John Shelby Spong

The plan appears to have been carried out by a group of eight people, three of whom were brothers. The attack seems to have been developed in Belgium in a community known as Molenbeek. At least one of the perpetrators appears to have entered Europe in the tide of refugees fleeing the ravages of the war in the Middle East. This man carried a Syrian passport that was stamped in the Aegean island of Leros, a part of Greece, on October 25, 2015. He was twenty-five years old. This group of eight was armed with AK assault rifles. They wore suicide vests, loaded with explosives. Seven of the attackers are dead, the eighth, at this moment, is still at large. Six of them appear to have died by detonating their own suicide vests. One of them was killed by the police when a concert hall was stormed at 12:20 am on Sunday, November 15. During a three hour reign of terror in Paris that night the conversation of the world was changed dramatically. The course of human history may also have been altered as well.

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Bishop Spong on “The Spiritual Task Today…”

“The Spiritual task today is to discover the infinite in the life of the finite. I seek oneness with God, not magical intervention by God.” ~Bishop John Shelby Spong

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An Open Letter To the Moderator of the United Church of Canada: The Rt. Rev. Jordan Cantwell

I write with some alarm at what is happening in the United Church of Canada, a church that I have long admired. … I have written articles in praise of the United Church of Canada. It was the one Christian body in the world that seemed free of the need to be tied to the past, but was rather courageously open to the future.

Now to my dismay, a segment of the United Church of Canada has decided that it is no longer secure enough or open enough to contain one of its most creative, future-oriented pastors. I refer to the Rev. Gretta Vosper of the West Hill United Church in Toronto.

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Bishop Spong – “The Cross as the Moment of Glory – He Did Not Die For Your Sins” – Sermon

The Cathedral of Hope, a congregation of the United Church of Christ, is based in Dallas, Texas, and is the world’s largest liberal Christian church with a primary outreach to lesbian, gay, bisexual and transgender people. Local and national church ministries, outreach programs, pastoral counseling, television media and the internet touch thousands of lives each day.

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The Charleston Murders: The Final Battle in the Civil War?

Race was the elephant in the room when Black People were counted, without embarrassment or shame, as “3/5 of a human being” in our Constitution. Race dominated the admission of new states into the Union in the 19th century, so that the balance of power would never tilt against slavery. The Emancipation Proclamation issued in the midst of the Civil War, served to harden the lines of resistance. When the Confederate forces were finally defeated in 1865, Southern resistance did not end, it just went underground. Hooded Ku Klux Klansmen became the successors to the Army of Northern Virginia. Lynching, economic oppression and political powerlessness became racism’s tools, and black subjugation became racism’s goal.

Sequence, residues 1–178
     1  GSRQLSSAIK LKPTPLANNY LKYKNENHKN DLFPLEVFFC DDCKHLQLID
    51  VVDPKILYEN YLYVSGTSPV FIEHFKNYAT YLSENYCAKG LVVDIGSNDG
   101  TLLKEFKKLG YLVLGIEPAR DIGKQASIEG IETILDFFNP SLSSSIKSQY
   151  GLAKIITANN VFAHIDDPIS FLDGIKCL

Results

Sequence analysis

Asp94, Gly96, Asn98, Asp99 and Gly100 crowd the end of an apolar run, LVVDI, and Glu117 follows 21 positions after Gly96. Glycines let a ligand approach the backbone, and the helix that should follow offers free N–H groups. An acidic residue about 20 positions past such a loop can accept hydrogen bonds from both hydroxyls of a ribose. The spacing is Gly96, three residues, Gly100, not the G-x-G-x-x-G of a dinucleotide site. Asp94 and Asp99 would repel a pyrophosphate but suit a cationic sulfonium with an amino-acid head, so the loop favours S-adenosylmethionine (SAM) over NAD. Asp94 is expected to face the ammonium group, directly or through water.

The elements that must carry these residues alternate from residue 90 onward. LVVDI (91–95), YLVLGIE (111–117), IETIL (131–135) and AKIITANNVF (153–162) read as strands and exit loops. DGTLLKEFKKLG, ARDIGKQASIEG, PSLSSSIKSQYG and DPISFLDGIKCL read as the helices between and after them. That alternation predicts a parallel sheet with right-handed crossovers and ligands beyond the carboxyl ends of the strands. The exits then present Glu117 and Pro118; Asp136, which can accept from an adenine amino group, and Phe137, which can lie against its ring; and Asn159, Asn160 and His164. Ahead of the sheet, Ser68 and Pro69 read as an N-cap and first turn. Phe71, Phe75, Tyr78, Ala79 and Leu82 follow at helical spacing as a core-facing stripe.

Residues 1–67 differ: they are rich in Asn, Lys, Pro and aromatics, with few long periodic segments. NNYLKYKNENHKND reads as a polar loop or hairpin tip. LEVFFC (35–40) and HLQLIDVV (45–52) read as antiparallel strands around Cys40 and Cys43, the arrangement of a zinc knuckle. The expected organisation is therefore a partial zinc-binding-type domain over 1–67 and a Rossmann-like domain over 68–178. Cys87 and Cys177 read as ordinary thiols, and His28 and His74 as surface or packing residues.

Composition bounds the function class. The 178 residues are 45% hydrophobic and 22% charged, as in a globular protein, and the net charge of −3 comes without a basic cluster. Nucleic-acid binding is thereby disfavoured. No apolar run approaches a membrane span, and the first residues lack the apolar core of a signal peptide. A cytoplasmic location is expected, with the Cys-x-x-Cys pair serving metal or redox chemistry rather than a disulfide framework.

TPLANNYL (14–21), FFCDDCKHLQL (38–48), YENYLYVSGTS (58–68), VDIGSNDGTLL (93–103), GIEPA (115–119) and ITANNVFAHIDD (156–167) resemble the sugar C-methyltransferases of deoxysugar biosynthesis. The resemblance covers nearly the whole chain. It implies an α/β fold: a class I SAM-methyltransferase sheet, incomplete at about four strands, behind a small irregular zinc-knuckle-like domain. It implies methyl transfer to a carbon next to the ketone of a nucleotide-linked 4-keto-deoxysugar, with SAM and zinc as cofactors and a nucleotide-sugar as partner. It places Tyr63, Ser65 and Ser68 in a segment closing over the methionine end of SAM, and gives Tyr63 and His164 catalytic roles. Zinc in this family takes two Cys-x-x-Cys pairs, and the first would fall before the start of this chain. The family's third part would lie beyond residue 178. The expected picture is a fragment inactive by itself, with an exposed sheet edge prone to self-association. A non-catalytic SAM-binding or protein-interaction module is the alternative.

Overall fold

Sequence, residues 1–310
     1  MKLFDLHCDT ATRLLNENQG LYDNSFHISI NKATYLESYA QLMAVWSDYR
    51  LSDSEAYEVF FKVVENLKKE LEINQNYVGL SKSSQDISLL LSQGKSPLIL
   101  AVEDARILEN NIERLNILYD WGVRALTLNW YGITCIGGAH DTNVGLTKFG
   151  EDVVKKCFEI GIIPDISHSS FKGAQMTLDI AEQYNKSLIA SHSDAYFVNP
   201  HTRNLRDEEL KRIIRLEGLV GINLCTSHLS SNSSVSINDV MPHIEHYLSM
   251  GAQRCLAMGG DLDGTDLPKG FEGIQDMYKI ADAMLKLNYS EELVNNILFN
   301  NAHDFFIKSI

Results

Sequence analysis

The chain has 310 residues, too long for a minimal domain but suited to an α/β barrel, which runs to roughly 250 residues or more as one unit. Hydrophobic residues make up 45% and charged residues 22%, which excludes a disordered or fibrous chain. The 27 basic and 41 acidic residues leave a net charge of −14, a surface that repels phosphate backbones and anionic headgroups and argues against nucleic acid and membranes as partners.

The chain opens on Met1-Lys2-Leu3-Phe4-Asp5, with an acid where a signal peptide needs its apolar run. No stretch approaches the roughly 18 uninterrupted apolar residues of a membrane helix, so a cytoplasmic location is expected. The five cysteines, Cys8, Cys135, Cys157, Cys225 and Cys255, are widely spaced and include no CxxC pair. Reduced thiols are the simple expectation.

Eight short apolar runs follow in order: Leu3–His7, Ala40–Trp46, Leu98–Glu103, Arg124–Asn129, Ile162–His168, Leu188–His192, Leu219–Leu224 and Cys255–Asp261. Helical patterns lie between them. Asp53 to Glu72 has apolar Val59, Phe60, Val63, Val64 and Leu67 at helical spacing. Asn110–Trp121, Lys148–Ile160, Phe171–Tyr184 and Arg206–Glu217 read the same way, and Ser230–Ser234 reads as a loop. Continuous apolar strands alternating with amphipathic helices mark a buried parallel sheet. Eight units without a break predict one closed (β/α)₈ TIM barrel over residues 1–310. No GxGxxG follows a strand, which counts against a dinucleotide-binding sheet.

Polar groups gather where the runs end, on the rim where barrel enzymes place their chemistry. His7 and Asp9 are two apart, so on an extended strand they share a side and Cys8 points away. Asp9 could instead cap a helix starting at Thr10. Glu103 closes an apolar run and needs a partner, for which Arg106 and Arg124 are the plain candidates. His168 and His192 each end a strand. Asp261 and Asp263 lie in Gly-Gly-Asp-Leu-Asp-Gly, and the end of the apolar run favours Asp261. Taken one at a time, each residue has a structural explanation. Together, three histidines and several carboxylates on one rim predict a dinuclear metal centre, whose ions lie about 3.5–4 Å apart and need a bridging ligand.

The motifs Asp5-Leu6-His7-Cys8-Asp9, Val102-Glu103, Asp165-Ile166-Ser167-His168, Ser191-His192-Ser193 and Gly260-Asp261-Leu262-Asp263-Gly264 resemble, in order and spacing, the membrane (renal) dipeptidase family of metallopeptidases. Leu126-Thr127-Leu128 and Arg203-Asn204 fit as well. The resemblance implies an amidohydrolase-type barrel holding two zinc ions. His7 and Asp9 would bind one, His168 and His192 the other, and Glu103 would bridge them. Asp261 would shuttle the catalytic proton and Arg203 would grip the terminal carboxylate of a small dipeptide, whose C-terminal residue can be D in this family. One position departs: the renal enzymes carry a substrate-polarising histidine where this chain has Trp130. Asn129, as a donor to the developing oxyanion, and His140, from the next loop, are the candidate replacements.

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An Open Letter to My Readers

It was a very good week for our nation. I rejoice in it, welcome it and give thanks to God for it. The world and the church have the opportunity today to be more profoundly Christian than we were able to be just last week. That is a powerful and a welcomed realization. John Shelby Spong

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Bishop Spong on God

“God is not a noun, that demands to be defined, God is a verb that invites us to live, to love, and to be” ~John Shelby Spong

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The Birth of Jesus in Digital Format

Now in digital format! While Luke’s narrative, the most detailed account of the birth of Jesus, is lyrical and inspiring, in The Birth of Jesus, Spong persuasively demonstrates it is allegory. Layer by layer, Spong weighs every element of the New Testament stories against Old Testament legends building a convincing case. Spong’s 16 original essays step backward and forward through the scriptures demonstrating why each element was chosen by the early CE writers to establish Jesus’ lineage and divinity. It is a fascinating and persuasive journey and a remarkable illustration of Biblical scholarship.